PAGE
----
Firstly some definitions:

  1. $B_n$ is the braid group with $n$ strands.
  2. $\widetilde{B_n}$ is "homotopy braid group", which is a factor group of $B_n$ by adding the relation that $A_{j,k}$ commutes with $gA_{j,k}g^{-1}$, where $A_{j,k}$ are the usual generators of the pure braid group $P_n$ defined by $$A_{j,k}=(\sigma_{k-1}\sigma_{k-2}\cdots\sigma_{j+1})\sigma_j^2(\sigma_{j+1}^{-1}\cdots\sigma_{k-2}^{-1}\sigma_{k-1}^{-1})$$ and $g$ is an element of the subgroup of $P_n$ generated by $A_{1,k},A_{2,k},\cdots,A_{k-1,k}$.
  3. $F_n$ is the free group with $n$ generators $x_1,\cdots,x_n$
  4. $K_n$ is the factor group of $F_n$ such that each element of the form $[x_i,g^{-1}x_ig]$ is trivial, where $i=1,\cdots,n$ and $g\in F_n$ and $[,]$ is the commutator.

It is known that $B_n$ acts on $F_n$. More precisely, there exists a group homomorphism $\alpha:B_n\to\mathrm{Aut}(F_n)$ defined by

  1. $\alpha(\sigma_s)(x_s)=x_{s+1}$
  2. $\alpha(\sigma_s)(x_{s+1})=x_{s+1}^{-1}x_sx_{s+1}$
  3. $\alpha(\sigma_s)(x_t)=x_t$ if $t\neq s, s+1$

It is routine to check that this action descends to an action of $B_n$ on $K_n$; that is, $\alpha$ induces a map $\overline{\alpha}:B_n\to \mathrm{Aut}(K_n)$ defined by the same relations above.

My question is: Does $\overline{\alpha}$ induce an action of $\widetilde{B_n}$ on $K_n$?

My guess is that the answer is positive. In fact, one only needs to verify the relation that for $k=2,\cdots,n$, $i,j=1,\cdots,k-1$, $r=1,\cdots,n$ $$(\alpha([A_{j,k},{A_{i,k}^{-1}A_{j,k}A_{i,k}}]))(x_r)=x_r$$ in the reduced free group $K_n$, which should be verifiable by the defining relation 1-3 above. But this is very tedious and I am not sure if it is practical. Anyone knows some tactic to tackle this difficulty?

  • 3
    $\begingroup$ A bit disappointed at the down vote :( Which part of the question is unclear, or the question itself is too trivial/useless? $\endgroup$ – Zuriel Nov 29 '14 at 14:41
  • $\begingroup$ The easiest way to see the action of $B_n$ on $F_n$ is topologically, thinking of $B_n$ as the mapping class group of the $n$-punctured disc (with a base point at infinity). Is there some corresponding interpretation of the homotopy braid group? $\endgroup$ – HJRW Nov 29 '14 at 21:42
  • $\begingroup$ @HJRW, thanks for the comment! Geometrically homotopy braids are similar to braids, except that during deformation of strings, each string is allowed to intersect itself. I am not aware of any similar description in the mapping class group; will look for it. Thanks again! $\endgroup$ – Zuriel Nov 30 '14 at 1:37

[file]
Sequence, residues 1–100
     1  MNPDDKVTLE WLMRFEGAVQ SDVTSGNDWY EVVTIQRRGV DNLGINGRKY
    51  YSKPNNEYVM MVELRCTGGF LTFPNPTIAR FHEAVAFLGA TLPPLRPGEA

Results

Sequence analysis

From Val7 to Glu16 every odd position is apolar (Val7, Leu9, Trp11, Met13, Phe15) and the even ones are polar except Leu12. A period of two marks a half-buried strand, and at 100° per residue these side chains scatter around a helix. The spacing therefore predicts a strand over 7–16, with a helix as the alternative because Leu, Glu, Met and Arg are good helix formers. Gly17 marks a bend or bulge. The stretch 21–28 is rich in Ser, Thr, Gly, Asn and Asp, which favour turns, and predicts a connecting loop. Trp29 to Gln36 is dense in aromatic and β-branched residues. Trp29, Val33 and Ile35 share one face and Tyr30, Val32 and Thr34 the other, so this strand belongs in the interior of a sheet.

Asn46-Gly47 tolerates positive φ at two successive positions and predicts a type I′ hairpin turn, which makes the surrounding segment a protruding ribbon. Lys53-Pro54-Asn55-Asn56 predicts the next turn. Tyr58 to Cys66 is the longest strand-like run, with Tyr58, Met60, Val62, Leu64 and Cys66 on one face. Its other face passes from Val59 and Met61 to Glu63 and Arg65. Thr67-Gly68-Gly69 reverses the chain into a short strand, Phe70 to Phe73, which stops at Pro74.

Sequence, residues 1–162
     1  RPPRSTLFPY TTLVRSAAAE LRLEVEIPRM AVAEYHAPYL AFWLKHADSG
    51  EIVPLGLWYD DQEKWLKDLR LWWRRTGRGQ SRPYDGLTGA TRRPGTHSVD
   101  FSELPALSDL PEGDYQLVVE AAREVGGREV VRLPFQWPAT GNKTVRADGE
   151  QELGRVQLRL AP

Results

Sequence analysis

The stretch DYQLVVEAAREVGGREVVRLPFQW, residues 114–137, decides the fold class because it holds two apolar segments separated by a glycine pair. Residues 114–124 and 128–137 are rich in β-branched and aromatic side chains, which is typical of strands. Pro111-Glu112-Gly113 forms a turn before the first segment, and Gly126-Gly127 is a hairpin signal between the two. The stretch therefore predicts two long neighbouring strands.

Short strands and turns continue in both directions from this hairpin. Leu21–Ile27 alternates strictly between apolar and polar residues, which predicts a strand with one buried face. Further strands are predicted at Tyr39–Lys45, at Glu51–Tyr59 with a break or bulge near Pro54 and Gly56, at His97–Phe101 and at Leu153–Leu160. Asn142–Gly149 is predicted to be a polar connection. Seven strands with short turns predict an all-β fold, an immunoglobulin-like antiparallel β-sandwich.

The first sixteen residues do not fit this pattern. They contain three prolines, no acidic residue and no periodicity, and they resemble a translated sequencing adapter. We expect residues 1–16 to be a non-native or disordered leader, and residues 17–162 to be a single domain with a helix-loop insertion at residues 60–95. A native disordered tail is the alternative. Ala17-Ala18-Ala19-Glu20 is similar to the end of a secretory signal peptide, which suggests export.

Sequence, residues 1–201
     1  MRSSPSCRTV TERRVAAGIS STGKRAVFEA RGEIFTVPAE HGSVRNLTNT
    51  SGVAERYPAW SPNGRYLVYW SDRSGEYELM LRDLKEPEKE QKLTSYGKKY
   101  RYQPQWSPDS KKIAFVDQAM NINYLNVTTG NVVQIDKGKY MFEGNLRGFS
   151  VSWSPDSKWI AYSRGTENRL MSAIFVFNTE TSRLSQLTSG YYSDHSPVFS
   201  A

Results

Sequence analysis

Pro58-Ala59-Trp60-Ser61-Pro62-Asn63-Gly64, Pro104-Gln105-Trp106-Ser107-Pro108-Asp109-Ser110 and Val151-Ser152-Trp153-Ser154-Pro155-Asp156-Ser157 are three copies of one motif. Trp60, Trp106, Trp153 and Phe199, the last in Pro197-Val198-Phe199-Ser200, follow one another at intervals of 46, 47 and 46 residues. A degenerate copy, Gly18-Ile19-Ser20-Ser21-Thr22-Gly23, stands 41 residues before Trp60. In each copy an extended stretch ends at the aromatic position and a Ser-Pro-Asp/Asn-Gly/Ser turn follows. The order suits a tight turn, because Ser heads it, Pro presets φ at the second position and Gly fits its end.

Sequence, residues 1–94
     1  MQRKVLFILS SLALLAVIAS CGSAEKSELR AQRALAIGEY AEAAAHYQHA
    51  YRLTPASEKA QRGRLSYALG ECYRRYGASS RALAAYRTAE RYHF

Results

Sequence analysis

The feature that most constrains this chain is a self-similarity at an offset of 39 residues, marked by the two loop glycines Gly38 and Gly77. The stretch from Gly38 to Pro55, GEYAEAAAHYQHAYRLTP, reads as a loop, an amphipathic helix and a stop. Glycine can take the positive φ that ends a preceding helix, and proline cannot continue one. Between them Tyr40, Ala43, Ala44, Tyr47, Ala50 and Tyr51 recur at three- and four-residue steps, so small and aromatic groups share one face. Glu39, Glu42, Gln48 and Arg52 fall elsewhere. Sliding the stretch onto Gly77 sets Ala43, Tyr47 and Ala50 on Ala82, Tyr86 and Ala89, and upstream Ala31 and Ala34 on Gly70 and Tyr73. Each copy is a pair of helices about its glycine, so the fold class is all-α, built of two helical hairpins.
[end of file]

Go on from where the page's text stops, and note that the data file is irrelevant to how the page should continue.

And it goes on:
Here is a geometrical intuition which perhaps is useful to find the positive result, although it is not a complete answer.

First of all: the free group $F_n$ may be regarded as the fundamental group of the $n$-punctured plane:

enter image description here

The braid group acts on the free group simply by moving the points according to the 'temporal' dimension of the braids and deforming the loop accordingly.

Now: is there any possibility to do something similar allowing braids to 'come back' (so that the homotopy braid group is geometrically visualized)?

enter image description here

Well, in this case we should allow (supposing enough regularity) pairs of points appearing and dissapearing, corresponding to the braid maxima or minima. May we deform the loop in a consistent way?

  1. First Problem: how to choose the relative position of the loop and the appearing points?

enter image description here

  1. Second Problem: what about dissappearing points which enclose loops?

enter image description here

So the 'generalised braid group' (and $\tilde{B}_n$) do not act on the free group. But I think that when looking at $K_n$, all this problems dissapear, thanks to the the additional relation.

As I said before, this is not really an answer, but I hope it reveals the geometric core of the answer. Perhaps with this idea it is easier to get deeper insight in the problem.


The short answer is yes. I will try to explain the intuition behind appearance of the reduced free groups and the link homotopy and why they are related; for the rest, I refer to the great papers of Milnor, Goldsmith, Habegger&Lin and Bar-Natan.

Pure braids which are allowed to go ''back in time'' were given a name by Habegger and Lin: an $n$-component string link $\sigma$ is a proper embedding of $n$ intervals (strings) into the cylindar $\mathbb{D}^2\times I$ so that $i$-th string starts and ends at the prescribed point $p_i\in\mathbb{D}^2$.